It may seem like common sense that our actions have implications. For someone, somewhere. One of Newton's laws is that for every action there is an equal and opposite reaction. That may actually be one of the only things a remember from high school biology! But for some reason, not everyone who travels seems to understand or take seriously that our decisions and the choices we make and activities we partake in while "on holidays" really does have an impact on the people, the communities and the culture of the country we are merely passing through. I certainly don't want to come across as condescending - in fact I am the first to admit I have made mistakes while travelling and with knowledge and maturity I would definitely make different decisions now in some situations that I may have found myself in during my late teens and early 20s. And in my early 30s I also don't suppose to be expert on anything! However, I also strongly believe ignorance is NOT bliss under any circumstance. That's actually not good enough!
As global citizens we have a responsibility to consider the impacts of our actions when we travel. It's not an excuse to simply think it's "legal" or "passable" to participate in any kind of activity, because you saw it on a travel brochure or were told about it by a drunken stranger in a bar. Unfortunately there is too much wrong with the world and our actions (whether intentional or unintentional) can have dire implications for individuals and communities. And I would be so bold as to say that if we aren't willing to accept that responsibility, then we don't deserve the right to visit other countries.
Here are just a few situations I would suggest avoiding in your travels. Not because I'm the fun police but because I strongly support ethical travel.
1. Don't ride elephants in Thailand (or maybe anywhere).
Yes there are a select few sanctuaries in Southeast Asia where animals are lovingly cared for and rescued as orphans etc. But let's be very clear. These are the exceptional cases. It was only earlier this year that a Scottish tourist was gored and trampled to death in Thailand during an elephant ride. While there was considerable debate around the "cause" of the elephant's attack (reports suggested the elephant had exhibited testosterone-fueled aggression associated with its mating cycle and had been forced to continue working while it was on heat) one thing is clear - the tourism industries in many developing countries are poorly regulated and the mistreatment of animals is rife. So before booking in for an elephant ride or to have your photo taken with a tiger in shackles, it wouldn't hurt to do a little bit of research before deciding whether you can participate and still feel 100% comfortable with how the animals are treated.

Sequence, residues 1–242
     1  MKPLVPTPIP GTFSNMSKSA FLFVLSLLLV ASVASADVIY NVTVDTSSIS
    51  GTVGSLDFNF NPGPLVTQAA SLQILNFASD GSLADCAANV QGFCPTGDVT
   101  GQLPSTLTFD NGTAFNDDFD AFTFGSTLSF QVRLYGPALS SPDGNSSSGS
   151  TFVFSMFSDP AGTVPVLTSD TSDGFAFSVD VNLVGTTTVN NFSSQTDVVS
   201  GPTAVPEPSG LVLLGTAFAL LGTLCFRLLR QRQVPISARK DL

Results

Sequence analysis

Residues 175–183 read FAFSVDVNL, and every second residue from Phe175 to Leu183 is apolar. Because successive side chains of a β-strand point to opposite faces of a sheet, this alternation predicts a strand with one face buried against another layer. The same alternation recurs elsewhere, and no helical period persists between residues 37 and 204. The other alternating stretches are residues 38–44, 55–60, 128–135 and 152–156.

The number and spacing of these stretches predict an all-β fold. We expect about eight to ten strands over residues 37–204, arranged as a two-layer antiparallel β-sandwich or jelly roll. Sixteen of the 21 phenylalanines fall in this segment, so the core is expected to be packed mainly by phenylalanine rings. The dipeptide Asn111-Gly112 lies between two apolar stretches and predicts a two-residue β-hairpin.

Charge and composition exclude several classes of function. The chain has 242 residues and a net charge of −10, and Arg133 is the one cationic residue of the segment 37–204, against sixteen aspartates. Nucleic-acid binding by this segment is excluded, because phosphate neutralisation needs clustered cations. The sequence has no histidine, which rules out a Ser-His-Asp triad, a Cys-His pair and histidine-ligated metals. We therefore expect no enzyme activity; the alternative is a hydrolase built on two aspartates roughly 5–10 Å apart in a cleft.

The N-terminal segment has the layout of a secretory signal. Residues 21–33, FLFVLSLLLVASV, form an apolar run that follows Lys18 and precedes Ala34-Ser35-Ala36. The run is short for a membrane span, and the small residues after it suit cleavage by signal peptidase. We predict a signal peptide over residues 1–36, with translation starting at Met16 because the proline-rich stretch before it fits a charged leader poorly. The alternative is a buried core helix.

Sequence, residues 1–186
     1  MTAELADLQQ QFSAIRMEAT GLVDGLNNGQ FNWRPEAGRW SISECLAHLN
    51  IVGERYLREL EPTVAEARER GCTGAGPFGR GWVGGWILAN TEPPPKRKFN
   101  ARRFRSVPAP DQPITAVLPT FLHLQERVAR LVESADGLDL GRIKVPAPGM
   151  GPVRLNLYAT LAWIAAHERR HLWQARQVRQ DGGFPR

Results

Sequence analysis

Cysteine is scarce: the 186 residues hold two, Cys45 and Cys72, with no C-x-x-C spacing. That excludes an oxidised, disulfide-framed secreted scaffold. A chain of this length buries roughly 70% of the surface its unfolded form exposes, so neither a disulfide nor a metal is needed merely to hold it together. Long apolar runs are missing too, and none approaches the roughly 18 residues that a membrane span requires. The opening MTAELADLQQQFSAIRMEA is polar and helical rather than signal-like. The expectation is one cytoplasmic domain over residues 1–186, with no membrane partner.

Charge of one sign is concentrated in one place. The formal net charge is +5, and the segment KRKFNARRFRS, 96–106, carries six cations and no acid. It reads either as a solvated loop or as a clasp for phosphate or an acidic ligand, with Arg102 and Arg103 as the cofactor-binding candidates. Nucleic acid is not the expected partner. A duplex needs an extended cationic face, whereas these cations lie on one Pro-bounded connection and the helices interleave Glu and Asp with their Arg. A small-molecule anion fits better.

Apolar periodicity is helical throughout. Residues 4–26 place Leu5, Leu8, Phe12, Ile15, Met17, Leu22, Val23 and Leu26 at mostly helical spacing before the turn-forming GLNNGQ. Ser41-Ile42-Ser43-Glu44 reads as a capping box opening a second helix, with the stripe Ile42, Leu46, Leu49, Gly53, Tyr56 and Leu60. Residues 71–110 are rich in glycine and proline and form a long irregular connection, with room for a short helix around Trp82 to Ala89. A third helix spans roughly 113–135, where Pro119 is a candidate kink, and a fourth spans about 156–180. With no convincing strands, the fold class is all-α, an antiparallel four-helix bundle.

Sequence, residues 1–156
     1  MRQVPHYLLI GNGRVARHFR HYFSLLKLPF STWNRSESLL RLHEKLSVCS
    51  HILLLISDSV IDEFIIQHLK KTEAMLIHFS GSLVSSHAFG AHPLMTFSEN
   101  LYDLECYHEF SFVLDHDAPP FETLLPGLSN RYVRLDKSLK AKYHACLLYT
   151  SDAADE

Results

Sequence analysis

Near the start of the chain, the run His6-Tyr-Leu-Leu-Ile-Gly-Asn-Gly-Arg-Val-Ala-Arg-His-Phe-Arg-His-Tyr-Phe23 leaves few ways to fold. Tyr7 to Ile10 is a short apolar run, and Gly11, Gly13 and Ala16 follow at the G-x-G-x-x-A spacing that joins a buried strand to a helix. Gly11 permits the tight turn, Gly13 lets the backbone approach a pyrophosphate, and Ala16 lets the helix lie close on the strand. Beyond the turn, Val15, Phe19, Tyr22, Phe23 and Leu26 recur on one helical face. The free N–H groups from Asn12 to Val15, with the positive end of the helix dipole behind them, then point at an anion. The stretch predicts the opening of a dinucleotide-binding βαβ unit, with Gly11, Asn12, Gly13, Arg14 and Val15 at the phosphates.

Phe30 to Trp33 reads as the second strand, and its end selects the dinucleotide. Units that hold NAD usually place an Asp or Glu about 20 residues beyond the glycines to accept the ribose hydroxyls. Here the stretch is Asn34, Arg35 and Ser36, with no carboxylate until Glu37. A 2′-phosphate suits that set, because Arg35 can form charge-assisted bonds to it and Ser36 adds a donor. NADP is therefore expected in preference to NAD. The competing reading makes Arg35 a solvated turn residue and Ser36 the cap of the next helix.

2. Don't use the services of a child for any tourist-related activity
On face value it may seem harmless - the poor kid is just trying to earn a few bucks and wants to guide you around the Vietnamese temples right? Wrong. Child exploitation is rife in tourism, in fact the International Labor Organization estimates between 13 and 19 million people under the age of 18 work in a tourism-related occupation. In countries where poverty is rife, tourism presents an often irresistible opportunity for income that sees children forced into the workforce. And even more shocking is the number of children who are being sexually abused by tourists. So don't engage the services of a child for any purpose while you're travelling. Even the best intentions can mean you are supporting child labour and even child slavery. Read some great tips on how to recognise modern day slavery here
3. Don't participate in any form of sex tourism
I feel like this should be an absolute no-brainer but for many tourists it's not. I can't even begin to count the lewd conversations I've either overheard or other travellers have proudly shared about their sexual exploits in foreign countries. People seem to be open about it because in the countries they are visiting sex is "on-tap". You only have to walk down the main street in Thailand's bustling Phuket to see the flashing signs advertising infamous "ping-pong" shows or in Bali the massages that offer more than simple relaxation, or the bars in the Cambodian capital Phnom Penh where girls of questionable age stand in the doorways inviting you in. If it's out in the open it must be ok right? Again, of course, please, unequivocally NO! I really don't understand how with all the information we have about slavery and the exploitation of women and children today, so many people choose to participate in any form of sex tourism. Your actions are absolutely contributing to an industry that sees women and children trafficked and trapped in slavery. So just don't. And if you're tempted just don't get on a plane. You are actually screwing up the world and it makes me really mad.
I would love to hear your thoughts on situations you have seen or experienced that you would add to this list. Share you thoughts so we can all help each other to become ethical travellers and just plain better world citizens!
Happy and SAFE travels!